Dr who BBC eighth doctor 21 revolution man (v1 0) paul leonard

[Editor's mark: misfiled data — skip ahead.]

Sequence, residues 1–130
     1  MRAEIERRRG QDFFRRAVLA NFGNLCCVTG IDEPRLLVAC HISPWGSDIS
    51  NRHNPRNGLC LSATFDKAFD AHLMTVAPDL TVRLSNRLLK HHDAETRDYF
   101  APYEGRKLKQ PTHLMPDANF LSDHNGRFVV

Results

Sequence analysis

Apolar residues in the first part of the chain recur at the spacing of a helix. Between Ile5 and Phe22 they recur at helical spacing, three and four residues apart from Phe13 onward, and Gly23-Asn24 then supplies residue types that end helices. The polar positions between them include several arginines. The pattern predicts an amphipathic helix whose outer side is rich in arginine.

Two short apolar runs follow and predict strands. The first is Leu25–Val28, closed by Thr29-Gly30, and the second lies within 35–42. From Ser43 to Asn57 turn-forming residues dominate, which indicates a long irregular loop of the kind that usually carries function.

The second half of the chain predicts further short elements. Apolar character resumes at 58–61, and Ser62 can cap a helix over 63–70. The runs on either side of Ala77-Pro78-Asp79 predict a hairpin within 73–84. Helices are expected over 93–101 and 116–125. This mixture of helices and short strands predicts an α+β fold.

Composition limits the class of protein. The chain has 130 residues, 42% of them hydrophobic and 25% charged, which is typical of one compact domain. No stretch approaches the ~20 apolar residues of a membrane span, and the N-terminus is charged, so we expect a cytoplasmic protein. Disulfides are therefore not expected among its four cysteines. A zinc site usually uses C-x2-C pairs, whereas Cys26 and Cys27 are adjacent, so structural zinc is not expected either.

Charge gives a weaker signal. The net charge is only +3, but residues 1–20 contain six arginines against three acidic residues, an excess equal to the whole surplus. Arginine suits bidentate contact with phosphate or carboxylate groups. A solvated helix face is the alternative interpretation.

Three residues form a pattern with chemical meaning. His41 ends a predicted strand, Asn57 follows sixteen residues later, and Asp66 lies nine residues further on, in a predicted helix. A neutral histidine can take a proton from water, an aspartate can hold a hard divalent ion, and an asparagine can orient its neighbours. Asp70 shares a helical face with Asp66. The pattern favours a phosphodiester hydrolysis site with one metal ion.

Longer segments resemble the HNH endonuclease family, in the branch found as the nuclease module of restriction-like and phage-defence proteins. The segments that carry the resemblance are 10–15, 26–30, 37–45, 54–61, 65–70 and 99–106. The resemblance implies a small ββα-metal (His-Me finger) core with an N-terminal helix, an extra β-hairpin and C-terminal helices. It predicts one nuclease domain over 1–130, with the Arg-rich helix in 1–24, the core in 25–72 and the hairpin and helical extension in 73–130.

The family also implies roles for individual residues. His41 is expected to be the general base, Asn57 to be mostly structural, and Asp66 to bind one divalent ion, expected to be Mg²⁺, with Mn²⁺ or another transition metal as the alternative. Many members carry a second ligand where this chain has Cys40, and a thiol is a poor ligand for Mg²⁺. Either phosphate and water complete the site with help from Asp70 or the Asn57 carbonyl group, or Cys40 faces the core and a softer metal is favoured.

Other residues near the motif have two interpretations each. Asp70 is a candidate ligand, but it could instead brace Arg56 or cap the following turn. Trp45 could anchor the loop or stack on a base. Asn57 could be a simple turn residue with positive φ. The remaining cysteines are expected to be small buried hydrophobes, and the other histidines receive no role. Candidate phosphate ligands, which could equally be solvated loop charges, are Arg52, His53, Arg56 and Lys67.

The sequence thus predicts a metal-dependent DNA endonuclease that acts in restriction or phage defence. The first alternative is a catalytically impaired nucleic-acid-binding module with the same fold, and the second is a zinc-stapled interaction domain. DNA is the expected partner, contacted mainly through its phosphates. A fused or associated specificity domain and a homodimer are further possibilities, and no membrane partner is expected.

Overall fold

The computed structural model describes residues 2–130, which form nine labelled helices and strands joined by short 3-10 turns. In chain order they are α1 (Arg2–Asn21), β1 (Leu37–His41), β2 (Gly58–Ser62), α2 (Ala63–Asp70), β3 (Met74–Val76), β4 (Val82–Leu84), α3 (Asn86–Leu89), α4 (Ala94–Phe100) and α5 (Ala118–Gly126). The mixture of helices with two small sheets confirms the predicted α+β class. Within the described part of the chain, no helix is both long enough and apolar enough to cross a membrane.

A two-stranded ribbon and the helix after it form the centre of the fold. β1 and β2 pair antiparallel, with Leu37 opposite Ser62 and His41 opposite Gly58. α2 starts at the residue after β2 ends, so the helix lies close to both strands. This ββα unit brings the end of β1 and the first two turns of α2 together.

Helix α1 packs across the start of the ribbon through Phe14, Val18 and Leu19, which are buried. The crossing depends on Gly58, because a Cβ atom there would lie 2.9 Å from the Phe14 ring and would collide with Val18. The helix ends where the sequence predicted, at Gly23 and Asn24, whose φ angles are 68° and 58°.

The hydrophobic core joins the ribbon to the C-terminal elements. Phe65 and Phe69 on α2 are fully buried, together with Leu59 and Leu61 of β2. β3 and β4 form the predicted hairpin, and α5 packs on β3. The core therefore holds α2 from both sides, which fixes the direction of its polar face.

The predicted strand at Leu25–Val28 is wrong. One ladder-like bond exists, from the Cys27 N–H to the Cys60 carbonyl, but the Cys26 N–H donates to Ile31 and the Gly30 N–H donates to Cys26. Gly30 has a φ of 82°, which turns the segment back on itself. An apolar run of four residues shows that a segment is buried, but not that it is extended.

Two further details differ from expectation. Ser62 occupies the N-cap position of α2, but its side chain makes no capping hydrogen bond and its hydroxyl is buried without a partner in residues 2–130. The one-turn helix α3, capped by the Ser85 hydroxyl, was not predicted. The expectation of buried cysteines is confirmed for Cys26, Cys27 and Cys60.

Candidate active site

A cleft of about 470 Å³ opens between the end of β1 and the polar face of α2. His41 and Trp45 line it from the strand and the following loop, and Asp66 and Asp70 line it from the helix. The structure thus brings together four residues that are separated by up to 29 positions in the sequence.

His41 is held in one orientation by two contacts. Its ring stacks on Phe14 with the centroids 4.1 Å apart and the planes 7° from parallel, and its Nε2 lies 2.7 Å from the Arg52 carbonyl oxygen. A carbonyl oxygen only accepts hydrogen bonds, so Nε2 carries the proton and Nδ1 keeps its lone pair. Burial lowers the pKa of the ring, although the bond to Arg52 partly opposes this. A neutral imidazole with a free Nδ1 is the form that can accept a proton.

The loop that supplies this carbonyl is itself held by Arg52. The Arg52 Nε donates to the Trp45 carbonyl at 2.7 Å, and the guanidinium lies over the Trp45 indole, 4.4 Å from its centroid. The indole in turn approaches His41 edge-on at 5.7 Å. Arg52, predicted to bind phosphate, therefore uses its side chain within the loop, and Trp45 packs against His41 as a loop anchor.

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1957: The Revolution has just started All you need is love – but the ability to bend space and time helps An entity called the Revolution Man is writing his graffiti across the surface of the Earth, using a drug called Om-Tsor Trouble is, none of this was supposed to happen The Doctor knows that the Revolution Man isn’t for real, that he’s part of the problem, not part of the solution But how is he going to convince the flower children? How is he going to convince Sam? And he doesn’t dare tell Fitz 1968: the Chinese People’s Army want to defeat the capitalists Om-Tsor is the most powerful means available, and the source is on their doorstep If half of India is immolated – well, you can’t make an omelette without breaking eggs 1969: The Revolution Man has decided Mankind is evil, not good The only way forward is to destroy all of it The Doctor and Sam struggle to find him but time is running out This is another in the series of original adventures for the Eighth Doctor REVOLUTION MAN PAUL LEONARD Published by BBC Worldwide Ltd, Woodlands, 80 Wood Lane London W12 0TT First published 1999 Copyright © Paul Leonard 1999 The moral right of the author has been asserted Original series broadcast on the BBC Format © BBC 1963 Doctor Who and TARDIS are trademarks of the BBC ISBN 563 55570 X Imaging by Black Sheep, copyright © BBC 1999 Printed and bound in Great Britain by Mackays of Chatham Cover printed by Belmont Press Ltd, Northampton For my mother Hazel Hinder-Bunting – with thanks for all your love and support over the years, without which none of my books could have been written Contents Prologue Book One: 1967 Chapter One Chapter Two 13 Chapter Three 23 Chapter Four 33 Chapter Five 39 Chapter Six 47 Chapter Seven 57 Book Two: 1968 65 Chapter Eight 67 Chapter Nine 77 Chapter Ten 85 Chapter Eleven 91 Chapter Twelve 97 Chapter Thirteen 103 Chapter Fourteen 109 Book Three: 1969 119 Chapter Fifteen 121 Chapter Sixteen 129 Chapter Seventeen 135 Chapter Eighteen 143 Chapter Nineteen 149 Chapter Twenty 157 Epilogue 163 Prologue ‘I don’t agree,’ said Sam The Doctor looked at her with that puzzled expression – eyebrows raised slightly, hands spread wide – which Sam knew meant he was open to suggestions His jacket was unbuttoned, and he wasn’t wearing his waistcoat; his hair looked even wilder than usual Sam decided he was worried Even so She glanced over at the library doorway, but there was no sign of Fitz He seemed to be fascinated by the books, and could spend hours in there – but Sam had known there was something wrong when the Doctor had suggested that Fitz go in search of a book ‘We should tell Fitz what we’re doing,’ she said ‘We know there might be trouble –’ ‘But we don’t know what sort!’ The Doctor gestured at the display above the console It showed a representation of the vortex Sam knew the patterns well by now, the translation schematics, and she could see something was wrong More worrying still was the place – Earth – and the date – June 1967, Humanian Era The Doctor jumped up to point at individual distortions on the screen ‘All I know is that these discontinuities seem be linked to a certain type of event.’ He ran around the console, his feet skidding on the floor Sam followed a little more carefully, testing the grip on her new boots She’d bought them in a corner store on the fringes of a desert, under a bloated red sun and a sky spangled with space stations She’d had no idea where or when she was, but the boots were heavy, chunky, practical, and fitted magnificently She’d paid with amber beads, and the trader had seemed happy enough The Doctor was looking at a screen that showed an extraordinary picture; one of the Egyptian pyramids, with a huge new carving made in one stone face – a crude capital R in a circle It was a TV report, in black and white with a low-resolution scan An earnest young man in a suit was babbling into a large microphone about ‘the activities of the so-called Revolution Man’ She frowned ‘That never happened!’ she said after a while ‘I’m sure I would have –’ The Doctor glanced at her ‘I know It’s an anomaly The earliest ones are quite small, but this is very big – big enough to be a threat to Earth’s timeline.’ ‘I thought it had more than one.’ ‘It does, sort of I’ve contributed quite a few complications around this period in Earth’s history I don’t think the vortex will take much more.’ He gave her one of his brilliant smiles, as if this were an academic matter, a point that needed illustrating, rather than a threat to the existence of her home planet ‘Perhaps you’re the Revolution Man,’ Sam suggested, only half joking ‘In a later incarnation Or even an earlier one, and you’ve forgotten about it Perhaps you’re fighting the Sontarans out there, and this is an unforeseen side effect.’ But the Doctor just shook his head ‘I wish I was Then at least I’d have a chance of knowing what was going on This looks purely mischievous – but it could be serious, Sam.’ ‘Which is all the more reason why Fitz should know what we’re doing,’ offered Sam patiently ‘Take it from me: it’s better that he doesn’t If he knew, it could make things worse There are too many things he doesn’t understand yet It’s too complicated.’ Sam glanced at the library door again, then at the screen ‘I don’t agree,’ she repeated, but she knew she probably wouldn’t tell Fitz Not if the Doctor was so sure it wasn’t a good idea Not yet, anyway Not unless things got desperate But then, they usually did high!’ they chanted Another man was laughing hysterically, kneeling in the middle of the crowd, tears running down his face Fitz followed Sam as best he could, keeping the briefcase clutched against to his chest He hadn’t told her about the bomb yet He was hoping he wouldn’t have to use it But – just as Jin-Ming had warned him, in rather different circumstances – he had to face the fact that persuasion might not be enough ‘This way!’ said Sam, making a sudden left turn For a moment they were battling against the flow of people, then they were up against a metal wire barrier Beyond it they could see trucks – a removal van, a green lorry with a BBC logo, a couple of drab olive vehicles which reminded Fitz of Army trucks, and a zebra-striped VW camper van Sam started to climb the barrier It swayed dangerously: Fitz had to grab hold of it There was no way he could climb it as well, or the whole structure might collapse But other people were starting on the barrier now Fitz saw a man with a beard and a shock of golden hair scrambling up, as limber as a chimpanzee When he reached the top he yelled over his shoulder, ‘No more barriers! This is the last day!’ and jumped down inside Fitz cursed under his breath This was becoming an incident, and his and Sam’s chances of getting anywhere now were remote Inside the barrier, a heavy-set man in a dark jacket was running across, shouting something Two policemen were pushing through the crowd behind them Sam was astride the top of the barrier, yelling ‘Come on, Fitz!’, which wasn’t much help Reluctantly, Fitz started to climb He felt hands grab his legs, try to pull him down The barrier tilted crazily There was a clatter of metal, a shout, a few screams Hands grabbed Fitz’s arms, yanked him upwards He saw the golden-haired man smiling at him He scrambled clear, found himself standing inside the barrier, which was now slanting and partly lifted off the ground Sam was ahead of him, running Fitz followed, dodging a couple of men in suits, one with a microphone in his hand Sam was jumping over cables, dodging around the back of the striped camper van and in through a set of double doors By the time Fitz got there, a policeman was blocking the way ‘I have to get my sister!’ snapped Fitz, in his most authoritative tone That and the business suit must have done it, or perhaps the policeman saw easier prey: anyway he moved aside, and Fitz found himself chasing through a passageway ‘Up here!’ Sam’s voice Fitz was climbing stairs, running into a bright, neon-lit passage ‘Are you sure about this?’ he called Behind them, running footsteps, shouting 152 They ran along the passage, up another flight of stairs At the top, Sam stopped For the first time he could remember, Fitz heard her swear ‘It’s wrong They must rebuild it – redesign it – before my time Or something This should be above the player’s entrance.’ Fitz stared at her She had her back against a green double door with a brass handle, marked ‘APPROVED PERSONNEL ONLY’ One half of the door was open, revealing grey sky, black stands, a black pitch Black? He stepped forward, looked out The stadium was like the inside of a funeral parlour Everything was draped in black The stands, the seating, the pitch, were all covered in cloth The audience, spilling in, had made colours, a slow spread of life across the dark setting In the middle of the pitch was the stage It was a huge black flower, the petals spread out flat In the centre of the stage a drum kit, amplifiers, and towering speaker stacks made a black pistil and stamens There was a single spot of white in the middle of it all: after a moment, Fitz realised that it was a man Ed Hill Was he really the Revolution Man? Sam was leaning forward, looking down over a low metal rail They were on a gantry – for cameras? lights? – attached to a pillar supporting the main roof It had to be thirty feet down to the seats below ‘There must be a ladder – something –’ Fitz felt a spot of water on his hand, realised it was starting to rain He looked over his shoulder, saw two policeman and what looked like a bouncer running up the stairs towards them ‘They’re here!’ he snapped at Sam She went over the rail without a word, swung herself on to the pillar Fitz saw that she was holding on to an iron ladder at the corner between the gantry and the pillar, painted red like the pillar, almost invisible ‘Hey!’ he called after Sam ‘I’m not Tarzan, you know!’ Then the doors burst open, and Fitz jumped over the rail without thinking – and without looking He almost missed the ladder, almost fell Below him, Sam was scrambling down Faces from the audience turned upwards, hands reached out to help As Fitz landed awkwardly in an aisle, a huge, discordant note roared out from the speakers, drowning all thought and almost bursting Fitz’s eardrums They started down towards the pitch, towards the stage People were streaming up the aisle, and though most of the faces were friendly, Fitz and Sam had to fight to make progress The speakers roared with music, making any conversation impossible Ed Hill started to sing ‘I’m back from the dead, baby, 153 ‘Back from six feet underground ’ The rest of the words were lost in a roar of cheering from the crowd Did they really think that a self-proclaimed resurrected singer could save them from World War Three? At the bottom or the aisle, there was a low wall Sam and Fitz scrambled over it without any difficulty, but beyond was a sea of people, crammed thick on to the pitch Fitz looked at Sam through the wall of sound and mutely shook his head Sam made walking gestures with her fingers ‘What?’ bawled Fitz ‘Back from the dead, better than before, I’m gonna save you from the Third World War! Fitz had to admit, the tune was catchy And the bass playing was damn good Even since last summer, music had moved on Sam grabbed Fitz’s head and shouted in his ear, ‘Walk over them! Crocodile Dundee!’ Fitz shook his head in bewilderment Sam stepped out over the crowd, shouting something down at them To his amazement, it seemed to work She was picking her way across the top of the crowd, supported by a hand here, a head there Fitz followed It was slow, but it was easier than cramming across at ground level Twice he fell – once caught a woman in the eye with a flailing hand – but people helped him up and on his way They seemed to sense he had a mission ‘There’s no way out now except to follow Ed, baby, ‘Ed, Ed, Ed, who comes back from the dead, baby ’ Sam got further and further ahead Several other people started to climb across the crowd towards the stage, with varying degrees of success The rain was falling heavily now, screening the stands in mist There was a brief pause in the music, and Fitz heard the distant, terrifying wail of air-raid sirens Sam felt the hands on her body, literally shoving her up over the lip of the stage Ahead, she recognised Haystacks, looking huge and threatening in a black jacket with metal studs, and Pippa, wayward and paranoid, her eyes moving They fixed on Sam, and she shouted something, inaudible over the pounding bass Sam glanced over her shoulder She couldn’t see Fitz – he might be doing anything She thought about how she’d instinctively just fallen back into trusting Fitz Maybe that wasn’t the wisest thing, but it was too late to stop now Hands reached up from the crowd to grab her – obviously hoping for a lift on to the stage – so she ran, ran towards the obscene white blob in the middle of the stage that must be Ed Hill 154 She noticed that the light was changing and glanced up The rain had stopped, and a hole was appearing in the clouds She saw blue sky, streaked with contrails Jets? Then she saw one being made, saw the terrifying speed of it, and realised the truth The air-raid sirens had been for real The missiles were on their way Behind the contrails, a circle of sky was brightening, and inside it, the capital letter R Fine, thought Sam Clever you, clever Revolution Man for starting all this So how are you going to stop it? Hands grabbed her arms: Haystacks Sam cursed herself for taking her attention away from the stage, even for an instant ‘I’ve got to talk to Ed,’ she yelled She wasn’t sure Haystacks had heard her, even from arm’s length Ed was singing: ‘Back from the dead, better than before, I WILL SAVE YOU from the Third World War! He started to chant: ‘I – WILL – SAVE – YOU –’ ‘What’s he going to do?’ bawled Sam ‘ save us!’ bawled Haystacks.’ Tsor!’ ‘It won’t work!’ yelled Sam, though she didn’t know why ‘He can’t it on his own!’ She struggled, but Haystacks’s face was set hard, white flesh running with rainwater He didn’t let her go By the time Fitz reached the stage, his legs were aching, his coat was soaked with rain and his business suit was soaked with sweat His throat hurt, too As he was levered up, he noticed the Revolution Man symbol in the sky, the contrails crossing it, lightning flickered somewhere beyond the top of the stands Sam was still arguing Ed was chanting Some people in the crowd had started to scream How long did anyone have? ‘I – WILL – SAVE – YOU –’ Fitz recognised the original Om-Tsor mantra, from the Top Thirty hit of 1967 He saw Ed centre stage, and ran across the rain-slick wood, dodging Sam and her captor, heading straight for Ed He struggled with the catches on his briefcase, ready to pull out the bomb To show Ed that he wasn’t in control, that he, Fitz, was in control and – ‘I – WILL – SAVE – YOU –’ The music stopped, and Ed’s voice boomed through the speakers, ‘Actually, my children I AM GOD, and I will rule all space and time.’ He laughed There was a crashing discord from the guitar, a thud from the drums, and silence 155 Fitz was right in front of Ed now, but the huge man didn’t seem to have seen him ‘I’ve got a bomb!’ yelled Fitz His voice carried over the speaker system, generating a wail of feedback ‘So what?’ said Ed ‘So has everybody else, at the moment And it isn’t going to save them, either.’ Behind him, Fitz heard a roaring noise Faint, compared with the music, and he didn’t recognise it at first, Then the mics picked it up, and the sound filled the stadium, straining through the amps The crowd were bewildered, but Fitz knew what it was He watched as the TARDIS materialised in the middle of the stage, about twenty feet in front of Ed The doors opened, and the Doctor emerged, followed by Maddie Maddie had Fitz’s revolver planted firmly against the back of the Doctor’s skull 156 Chapter Twenty The music was wonderful Maddie wanted to dance, wanted to spin away into the huge space shown her by Om-Tsor, Ed was chanting: ‘I will be a Lord of Time and Space, ‘I will rule the Destiny of the Human Race ’ She could see his real body, standing above the lumpen flesh: shining, muscular, the guitar hanging around it He’d given himself wings She saw him reach out, touch the complex space she’d made inside the TARDIS His arms became endless, copies of arms running through the infinite mazes of the alien machinery The machine began to change, slowly at first, then more rapidly Maddie could almost feel the power, the glory that would be Ed’s Fitz glanced nervously about The Doctor’s face had a bleak look A woman was running across the stage She positioned herself behind Ed, caught hold of his chair – a wheelchair – and pushed him forward, past Fitz, towards the open door of the TARDIS Around them, the stage was filling with people who had followed in Fitz and Sam’s footsteps, clambering up from the crowd People were shouting, confused Fitz could hear the air-raid sirens, mixed with a long, deep rumble that he hoped was only thunder ‘No! Pippa!’ Sam was struggling in the arms of the large man Fitz looked at the Doctor’s face again, and knew that he had to something Now He lifted the briefcase containing the bomb, watched the Doctor shake his head minimally Ed was almost at the TARDIS Fitz realised he had no choice: he made a dive for Maddie and the gun The Doctor dropped at the same moment Maddie didn’t fire at once, instead tried to swing the gun to cover Fitz He chopped at her wrist It didn’t work: the gun was still pointing at his chest Maddie didn’t shoot Fitz hesitated, then clubbed her over the head with the briefcase She dropped back, the gun went off, Fitz grabbed it The barrel was hot in his hand He twisted it round, took hold of the grip He looked up, to see Ed staring at him Without time to think, he aimed at the man’s forehead and pulled the trigger 157 ‘No!’ shrieked Maddie There were more screams from the crowd People were running across the stage And a red flower was blooming in the middle of Ed Hill’s forehead I’ve killed him, thought Fitz His hands felt bruised where the gun had jumped in recoil Then, to Fitz’s horror, Ed’s eyes moved in their sockets, and he spoke The voice boomed from everywhere, not just amplified electronically, but huge and real, as if he’d taken over the air itself ‘Now you’ve done it, baby.’ An obscene giggle ‘A fatal wound End of the world.’ Blood was flowing down Ed’s face, dripping from his chin Behind him, the TARDIS began to get bigger ‘Oh, no,’ shrieked the Doctor ‘No, no, no, no! The damage you’ve done to his brain – he’s completely out of control!’ A huge force caught Fitz and sent him flying backwards, rolling across the stage He saw Sam fall: only the Doctor remained standing The Doctor bent down, picked up the gun Fitz saw it in flashes, as his body rolled away, helpless before the spreading force The TARDIS was at least ten metres high, and it was distorting, melting like a huge blue candle The Doctor was moving closer to Ed, the gun in his hand The gun against the back of Ed’s neck There was a shot The Doctor’s face twisted in agony, his jacket spattered with blood Then the Doctor was running, running towards Fitz ‘Into the TARDIS! Now! Now!’ Fitz scrambled up, ran towards the TARDIS, now slowly returning to normal The door was still open He almost fell over Ed’s body, slumped in the chair Blood was pooling around it He walked through the door, and was surprised to see Maddie inside, standing by the console Her face was white ‘He’s dead, isn’t he?’ Fitz nodded, realised he couldn’t stop nodding ‘So there’s no point.’ ‘No point?’ She shrugged, walked past Fitz, out of the TARDIS, without saying a word Belatedly, Fitz realised that the cloister bell was ringing Haystacks let Sam go at last, but only after it was obvious that Ed Hill was dead Sam just stood-there, staring at the sky, still not quite able to believe that she’d seen Fitz try to kill someone and the Doctor finish the job 158 She could still see the Doctor’s face at that moment, the horror written on it as he realised what he would have to do, what he was doing, what he had done Now the Doctor was yelling at Pippa: ‘Om-Tsor! Where is it? Now!’ The woman hesitated, and the Doctor shouted, almost spitting, ‘You’ve got thirty seconds before the first bomb goes off and five million people die! I also need to fix the TARDIS, unscramble the timelines, purge the Vortex if I can Om-Tsor! I need it now!’ Haystacks ran across the stage, spoke briefly with the drummer Sam noticed that the audience who’d clambered on to the stage were forming a rough circle around the set, watching The Doctor ran across to the drummer and picked up a small wooden chest He simply gobbled down the contents without ceremony, then sat down, crosslegged, and closed his eyes There was a brief pause, and then the world seemed to tremble slightly, as if the air were water and a wave had moved across it Clouds drifted over the stadium, and a thin rain began to fall The Doctor still sat cross-legged Sam went and stood by his side She imagined him reaching into the space around the earth, tracking the missiles, the planes – Would he kill the pilots of the planes? No, she knew, somehow he would avoid it He would He could miracles without killing But she looked down, and saw his jacket and face were still spattered with blood She couldn’t stop looking Everything else, everyone else, was silent Waiting He opened his eyes, looked up at her, momentarily solemn ‘All done,’ he said, and jumped up ‘Did you kill anyone else?’ The Doctor had already started towards the TARDIS ‘What?’ ‘You killed Ed.’ ‘He was dying!’ Sam just looked at him ‘I had no time!’ he shouted ‘I had to save the TARDIS from Ed and the world from its own stupidity and ’ He sounded mad, raving ‘There was no time to anything else! No time!’ ‘You still killed him.’ Sam was surprised at the edge of anger in her voice She hadn’t thought she could get angry this way, not with the Doctor ‘He did it!’ A woman’s voice, raw with anger and tears Sam saw Maddie rushing across the stage towards them, flanked by two policemen She was pointing at the Doctor ‘He killed Ed!’ 159 Sam bundled the Doctor towards the TARDIS ‘There really wasn’t time,’ he was saying ‘Ed’s interference was close to generating a critical instability in the Eye of Harmony It could have been worse than the bombs – there might not have been any Earth left! Nothing, nothing, nothing ’ They were inside the TARDIS now The Doctor ran to the console and slumped against one of the pillars, his eyes closed Sam saw Fitz, gestured at the Doctor She couldn’t bring herself to speak to either of them Fitz ran up to the Doctor, grabbed his shoulders, shook them ‘Come on, Doctor!’ he said ‘We’ve got to go!’ The Doctor looked up at him with hollow eyes, then nodded and pulled a lever on the console The time rotor began to move, just as Sam heard a distant banging on the outer doors The Doctor looked up at Sam, but she didn’t smile Maddie watched as the Police Box thinned and vanished in the air in front of her, and clenched her fists in frustration ‘They’ve gone,’ she said, unnecessarily, to the two bewildered policemen standing beside her ‘They killed him, and they’ve gone.’ One of the policemen coughed ‘Do you know who they were?’ Maddie ignored him She knew what she had to do, and she had to it now She went to Ed’s body, and kneeled, dipped her finger in the sticky blood around his feet With it, she drew a crude circle on her chest – it took several attempts – and a capital R inside the circle Then she went to the microphone, and began to speak to the assembled people ‘He died for you,’ she said simply, ‘And I want you to carry out his dream.’ She went on speaking then, telling them there would be no more war, that everyone should think only of peace and happiness, and that the flowers would grow everywhere, if only people tried hard enough to love one another As she spoke, the white light of the mountains seemed to fill her eyes 160 Press Reports, 1969–73 The Daily Telegraph, 29 September 1969: Several dozen young people were arrested today during a pop festival in East Worldham, Hampshire, arranged by the so-called ‘Revolution Man’ cult Charges ranged from the possession of illegal drugs to gross indecency and assault The leader of the cult, Maddie Burton, was the friend of the murdered singer Ed Hill who claimed that he was the Revolution Man She told me: ‘The police have no place in a society where the rule of love is more important than the rule of law Why they think the event of last May happened? Does Ed Hill’s death mean nothing to them?’ However local schoolmaster Nigel Leigh-Morgan commented that ‘dancing naked in a field in broad daylight in front of respectable people is hardly likely to bring about a new age of peace and joy These people should take their motorbikes and their drugs and their noise elsewhere.’ The Church Times, 14 August 1970: Most of our readers will have heard of the so-called ‘Revolution Man’ cult One of the more extraordinary cults to spring up following the dangerous international events of May last year, it is led by the charismatic Madeleine ‘Maddie’ Burton A friend of the murdered singer Edward Hill, she claims that Hill was, in fact, the second coming of the Messiah, and intended to bring only peace and love to all mankind Whatever Miss Burton’s claims, however, most dispassionate observers would note that it was largely the ‘magical’ activities of the Revolution Man in attacking the military installations of the United States and other powers that led to last May’s conflict and to near disaster for all of us Her latest claim that Hill had a status akin to that of Our Lord Himself is not only blasphemous, it is dangerous, typical of the pernicious philosophies of the nineteen-sixties which are eating away at the heart of our society Le Monde, 12 December 1973: The death was reported in Paris today of Madeleine ‘Maddie’ Burton, the English leader of the ‘Revolution Man’ cult She had been ill for some time as a result of drug addiction The cult has been in decline for some time, with many of its members joining hippie communes and other communities peripheral to society The death of Miss Burton will almost certainly mean the end of it 161 Epilogue ‘I don’t agree,’ said Sam Her face over the chessboard was stubborn Neither she nor Fitz had moved a piece in nearly half an hour Around them, Sam’s room was tidy, a few clothes folded on the foot of the bed, a few small mementoes arranged neatly on shelves She’d even tucked her boots under the foot of the bed ‘Look Ed Hill was about to take over the TARDIS – or try to You heard what the Doctor said It could have destroyed the Earth.’ ‘That was because you shot him You didn’t have to that The Doctor needed the Om-Tsor, that was all It could have been done without violence.’ Sam’s voice was flat, judgmental ‘The Doctor would never have got to it while Ed was still alive Not in time Anyway, Ed had tried to kill me once He saw me with the gun He was going to kill me.’ He looked down at the chessboard desperately, remembered a move he’d considered, picked up a black rook Sam didn’t even notice She looked up, flushing with anger ‘And you made the Doctor finish the job.’ ‘He chose to.’ ‘He never chooses to kill He didn’t have any choice.’ ‘And neither did I.’ said Fitz ‘Anyway, there wasn’t time to think.’ He thought he’d won the point then, but Sam’s cool eyes looked at his face, read his expression ‘It’s not clever, Fitz,’ she said quietly ‘It’s taking life.’ ‘Ed was about to take millions of lives.’ ‘That’s not the point You’re not sorry.’ ‘Of course I’m sorry!’ Though he wasn’t, actually ‘I just don’t –’ He broke off, unsure what he was saying Sam was beginning to make him feel really angry He stood up ‘I think I’ll just take a walk, see if I can sort out –’ ‘You’re not sorting anything out,’ said Sam, ‘You’re running away from it And don’t bother the Doctor, he’ll be feeling sick with guilt.’ ‘I’ve told you he chose to it!’ barked Fitz ‘You can’t put all the blame on me!’ ‘He’s a hero!’ Sam was shouting too, now ‘And he never never never does anything wrong – you don’t understand!’ ‘You’re right!’ snapped Fitz ‘I don’t understand! I don’t even want to be here!’ 163 He turned on his heel and walked from the room, slamming the door behind him Fitz walked, and walked, and walked, through corridors that were high and arched with wood and glass, over a bridge that dropped to a chasm of crystal and silver, across a park full of tropical air and small, blue plants with spherical flowers like eyes Eventually, he sat down on a bench in the park, and watched the plants watching him There was a ‘sky’ above, ribbed with orange steel girders He searched in his coat pockets for a cigarette, failed to find any A universe, he thought That’s what’s on offer here That’s what Ed Hill wanted – probably all he wanted in the first place, poor sod, before it all went wrong And I killed him, because I panicked Sam’s right He stood up, and slowly at first, then more quickly, he began to make his way back 164 ... adventures for the Eighth Doctor REVOLUTION MAN PAUL LEONARD Published by BBC Worldwide Ltd, Woodlands, 80 Wood Lane London W12 0TT First published 1999 Copyright © Paul Leonard 1999 The moral... asserted Original series broadcast on the BBC Format © BBC 1963 Doctor Who and TARDIS are trademarks of the BBC ISBN 563 55570 X Imaging by Black Sheep, copyright © BBC 1999 Printed and bound in Great... in black and white with a low-resolution scan An earnest young man in a suit was babbling into a large microphone about ‘the activities of the so-called Revolution Man She frowned ‘That never